Money Matters

In the grave of the groove

Money Matters
By Sirajuddin Aziz
Mon, 06, 20

Perhaps all of us are caught in the entrapment of the now and present. We are extremely busy at whatever we do. It is another matter that there are blinkers on our eyes and hence we do not recognise that we hardly do anything new each day. Most of us are repeating today, the experience of yesterday. And so on, goes an entire life and a career.

Perhaps all of us are caught in the entrapment of the now and present. We are extremely busy at whatever we do. It is another matter that there are blinkers on our eyes and hence we do not recognise that we hardly do anything new each day. Most of us are repeating today, the experience of yesterday. And so on, goes an entire life and a career.

Once bigoted to routine, there is every likelihood that truth will be expensed; for truth lies in natural evolution. William Wordsworth had said: “Not choice, but habit rules the unreflecting herd”. Falling into a groove of ways and customs is inimical to expansion of horizon of thought. Being good at following a strict regimen is no sign of power, proficiency or aptitude. Routine, drill, and a set formula of action are pestilential in nature; they spread and engulf very fast an entire organisation.

Consequent to be traditionalists or say victims to a given groove to act upon, the manager ends up with a tunnel vision. The locomotive is designed, and thank God for it, to run on the laid-out tracks, it cannot alter its journey and choose to be off the rails. Routine does exactly the same to the human mind; we become its captives we begin to operate like locomotives, who must run on tracks laid, which are christened as rules, patterns, process, procedures, etc. The natural ability of the brain to look for alternatives gets choked. The run of the mill responses, a captive mind offers, lacks newness or creativity.

There are many neuro-scientists who study the “human being” and it is their belief that if a person is condemned and restricted to perform the same activity, over and over again, he may end up in not being even a good ant, let alone a good human being.

Routine is the religion of every eco and social system. It is looked upon as an essential ingredient for the success of any business /organisation. It is good to have structures for living a productive life but living for structure is certain death. Disorder may not be good, but it is also true, when chaos sets in, so does order, followed with a complete newness of approach to the problem. Good order is the foundation of all things for it does not insulate the human mind from its creative ability. For a manager who is a nonconformist and an exception to routine, it is both a matter of glory and great pain. To move forward against the resistance of the currents of status quo requires managerial dexterity and immense measure of patience.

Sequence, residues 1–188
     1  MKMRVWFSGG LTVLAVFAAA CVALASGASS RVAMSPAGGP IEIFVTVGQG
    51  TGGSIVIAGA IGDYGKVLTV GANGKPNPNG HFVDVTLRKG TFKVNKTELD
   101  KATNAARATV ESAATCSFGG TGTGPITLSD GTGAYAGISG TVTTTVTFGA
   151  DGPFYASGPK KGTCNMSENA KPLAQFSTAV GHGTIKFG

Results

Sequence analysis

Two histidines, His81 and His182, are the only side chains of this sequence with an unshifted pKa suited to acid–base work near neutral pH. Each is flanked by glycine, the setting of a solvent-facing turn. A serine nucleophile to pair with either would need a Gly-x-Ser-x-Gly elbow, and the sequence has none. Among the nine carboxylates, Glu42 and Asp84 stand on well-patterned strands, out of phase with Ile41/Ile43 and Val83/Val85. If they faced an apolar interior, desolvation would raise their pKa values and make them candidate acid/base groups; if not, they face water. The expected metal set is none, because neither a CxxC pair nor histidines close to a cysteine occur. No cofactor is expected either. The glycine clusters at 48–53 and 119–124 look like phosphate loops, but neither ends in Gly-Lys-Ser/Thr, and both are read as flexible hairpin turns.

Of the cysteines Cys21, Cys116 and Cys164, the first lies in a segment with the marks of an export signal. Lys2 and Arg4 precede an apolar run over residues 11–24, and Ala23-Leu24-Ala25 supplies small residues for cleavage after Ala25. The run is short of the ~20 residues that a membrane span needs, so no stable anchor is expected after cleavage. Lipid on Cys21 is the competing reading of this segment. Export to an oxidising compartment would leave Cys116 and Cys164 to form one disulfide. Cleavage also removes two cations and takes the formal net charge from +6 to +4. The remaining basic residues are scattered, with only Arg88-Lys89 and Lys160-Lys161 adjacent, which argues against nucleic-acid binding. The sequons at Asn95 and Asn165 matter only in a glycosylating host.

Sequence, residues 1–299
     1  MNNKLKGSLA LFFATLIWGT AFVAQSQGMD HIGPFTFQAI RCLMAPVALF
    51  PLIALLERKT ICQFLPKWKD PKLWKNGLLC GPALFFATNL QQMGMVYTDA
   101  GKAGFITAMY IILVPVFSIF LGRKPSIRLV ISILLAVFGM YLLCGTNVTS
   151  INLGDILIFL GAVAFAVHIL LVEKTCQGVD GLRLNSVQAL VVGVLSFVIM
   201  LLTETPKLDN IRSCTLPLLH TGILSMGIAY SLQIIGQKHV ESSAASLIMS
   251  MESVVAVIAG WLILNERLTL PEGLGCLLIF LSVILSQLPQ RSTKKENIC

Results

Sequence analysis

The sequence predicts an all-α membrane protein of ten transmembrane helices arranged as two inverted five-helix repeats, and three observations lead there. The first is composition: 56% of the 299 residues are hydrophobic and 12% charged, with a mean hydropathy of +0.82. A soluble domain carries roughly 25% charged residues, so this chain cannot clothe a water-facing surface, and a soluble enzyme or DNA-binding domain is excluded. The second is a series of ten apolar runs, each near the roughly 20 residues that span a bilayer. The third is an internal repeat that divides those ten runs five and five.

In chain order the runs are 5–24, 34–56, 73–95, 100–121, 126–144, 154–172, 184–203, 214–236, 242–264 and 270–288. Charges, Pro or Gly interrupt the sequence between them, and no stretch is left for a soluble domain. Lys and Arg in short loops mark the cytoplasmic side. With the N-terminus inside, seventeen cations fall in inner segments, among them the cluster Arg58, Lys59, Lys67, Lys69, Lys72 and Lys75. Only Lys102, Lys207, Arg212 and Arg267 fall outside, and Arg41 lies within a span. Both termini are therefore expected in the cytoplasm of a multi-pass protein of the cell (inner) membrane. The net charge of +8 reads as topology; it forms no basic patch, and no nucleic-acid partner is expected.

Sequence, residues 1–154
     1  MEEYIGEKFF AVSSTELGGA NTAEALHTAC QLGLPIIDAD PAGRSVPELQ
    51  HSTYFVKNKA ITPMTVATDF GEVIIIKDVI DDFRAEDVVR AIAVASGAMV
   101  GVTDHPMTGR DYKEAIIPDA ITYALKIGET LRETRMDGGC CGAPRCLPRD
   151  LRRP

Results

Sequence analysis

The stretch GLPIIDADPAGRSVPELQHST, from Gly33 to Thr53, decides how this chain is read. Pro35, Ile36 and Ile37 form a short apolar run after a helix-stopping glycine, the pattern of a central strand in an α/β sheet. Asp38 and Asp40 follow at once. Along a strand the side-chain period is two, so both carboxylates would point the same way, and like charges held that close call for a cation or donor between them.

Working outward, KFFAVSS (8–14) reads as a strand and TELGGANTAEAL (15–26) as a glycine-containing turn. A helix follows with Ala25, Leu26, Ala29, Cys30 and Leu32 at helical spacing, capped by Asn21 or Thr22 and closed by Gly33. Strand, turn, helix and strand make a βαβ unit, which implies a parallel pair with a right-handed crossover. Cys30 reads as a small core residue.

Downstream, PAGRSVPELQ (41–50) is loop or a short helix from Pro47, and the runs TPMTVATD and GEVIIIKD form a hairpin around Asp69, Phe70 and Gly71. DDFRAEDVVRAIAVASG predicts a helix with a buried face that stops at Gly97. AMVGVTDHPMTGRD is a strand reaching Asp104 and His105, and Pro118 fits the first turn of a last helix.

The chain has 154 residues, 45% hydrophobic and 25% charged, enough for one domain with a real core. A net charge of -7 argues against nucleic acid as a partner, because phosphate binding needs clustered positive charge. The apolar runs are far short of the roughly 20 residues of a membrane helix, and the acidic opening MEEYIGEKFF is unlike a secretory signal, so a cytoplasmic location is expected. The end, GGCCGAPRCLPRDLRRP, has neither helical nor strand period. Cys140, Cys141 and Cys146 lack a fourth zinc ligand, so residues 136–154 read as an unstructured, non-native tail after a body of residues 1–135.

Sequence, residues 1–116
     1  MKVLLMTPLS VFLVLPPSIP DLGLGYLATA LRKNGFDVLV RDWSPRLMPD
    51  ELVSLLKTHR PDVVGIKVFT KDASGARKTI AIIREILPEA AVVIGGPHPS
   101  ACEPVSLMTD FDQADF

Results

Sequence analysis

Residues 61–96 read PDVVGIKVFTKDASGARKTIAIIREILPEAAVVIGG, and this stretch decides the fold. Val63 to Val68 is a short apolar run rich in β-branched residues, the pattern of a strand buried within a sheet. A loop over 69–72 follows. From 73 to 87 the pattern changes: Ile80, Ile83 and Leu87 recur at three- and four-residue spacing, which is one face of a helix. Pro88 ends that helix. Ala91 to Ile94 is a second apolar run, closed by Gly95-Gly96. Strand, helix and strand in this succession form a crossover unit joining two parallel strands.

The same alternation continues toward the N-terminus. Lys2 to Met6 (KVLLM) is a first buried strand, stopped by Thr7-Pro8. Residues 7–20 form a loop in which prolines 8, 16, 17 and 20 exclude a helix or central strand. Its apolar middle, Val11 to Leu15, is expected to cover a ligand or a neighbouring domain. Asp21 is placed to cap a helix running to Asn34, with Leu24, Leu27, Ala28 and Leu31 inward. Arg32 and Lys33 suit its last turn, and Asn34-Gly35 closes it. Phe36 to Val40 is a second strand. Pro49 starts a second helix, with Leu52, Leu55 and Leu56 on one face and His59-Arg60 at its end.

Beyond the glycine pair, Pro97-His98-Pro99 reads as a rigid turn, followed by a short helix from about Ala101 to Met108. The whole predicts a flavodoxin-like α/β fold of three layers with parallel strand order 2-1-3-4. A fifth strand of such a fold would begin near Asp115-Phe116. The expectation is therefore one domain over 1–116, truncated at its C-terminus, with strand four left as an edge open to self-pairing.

“Think out of the box” is now such a clichéd sentence that I believe it has lost relevance to the subject of management. It is a mere provocation, and nothing is meant seriously, when uttered by the supervisor. Instead there must be more focus on cross-functional activities and that can happen when attention is given by the senior management to training for new skills. That’s the way to break the mould of routine’s acceptance and replace it with newer systems. This process is slow. In organisations cultivating attitudes, reactions and commitments is a long-drawn process. It requires managerial patience. It is most unlikely to happen overnight. Patience is a virtue. But patience provoked out of corporate necessity can easily turn to fury. The demand upon team members is to do now and here, there is no waiting time.